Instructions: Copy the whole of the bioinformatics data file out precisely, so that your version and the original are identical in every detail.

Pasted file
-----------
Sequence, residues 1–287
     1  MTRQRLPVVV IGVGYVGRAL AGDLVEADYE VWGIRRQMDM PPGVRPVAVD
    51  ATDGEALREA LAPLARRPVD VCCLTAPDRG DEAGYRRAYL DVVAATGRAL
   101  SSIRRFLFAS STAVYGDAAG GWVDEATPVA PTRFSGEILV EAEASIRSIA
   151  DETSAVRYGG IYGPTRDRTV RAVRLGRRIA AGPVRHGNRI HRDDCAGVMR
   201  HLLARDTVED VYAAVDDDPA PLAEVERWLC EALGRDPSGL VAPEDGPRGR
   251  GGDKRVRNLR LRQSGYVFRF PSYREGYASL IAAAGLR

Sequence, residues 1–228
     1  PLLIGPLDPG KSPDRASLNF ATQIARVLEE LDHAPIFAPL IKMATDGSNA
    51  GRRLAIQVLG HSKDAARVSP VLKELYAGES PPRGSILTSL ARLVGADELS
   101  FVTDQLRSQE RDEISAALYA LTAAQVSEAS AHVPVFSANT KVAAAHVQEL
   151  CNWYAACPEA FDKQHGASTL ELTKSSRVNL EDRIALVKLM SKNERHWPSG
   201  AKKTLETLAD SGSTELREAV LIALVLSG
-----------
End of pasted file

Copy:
Sequence, residues 1–287
     1  MTRQRLPVVV IGVGYVGRAL AGDLVEADYE VWGIRRQMDM PPGVRPVAVD
    51  ATDGEALREA LAPLARRPVD VCCLTAPDRG DEAGYRRAYL DVVAATGRAL
   101  SSIRRFLFAS STAVYGDAAG GWVDEATPVA PTRFSGEILV EAEASIRSIA
   151  DETSAVRYGG IYGPTRDRTV RAVRLGRRIA AGPVRHGNRI HRDDCAGVMR
   201  HLLARDTVED VYAAVDDDPA PLAEVERWLC EALGRDPSGL VAPEDGPRGR
   251  GGDKRVRNLR LRQSGYVFRF PSYREGYASL IAAAGLR

Sequence, residues 1–228
     1  PLLIGPLDPG KSPDRASLNF ATQIARVLEE LDHAPIFAPL IKMATDGSNA
    51  GRRLAIQVLG HSKDAARVSP VLKELYAGES PPRGSILTSL ARLVGADELS
   101  FVTDQLRSQE RDEISAALYA LTAAQVSEAS AHVPVFSANT KVAAAHVQEL
   151  CNWYAACPEA FDKQHGASTL ELTKSSRVNL EDRIALVKLM SKNERHWPSG
   201  AKKTLETLAD SGSTELREAV LIALVLSG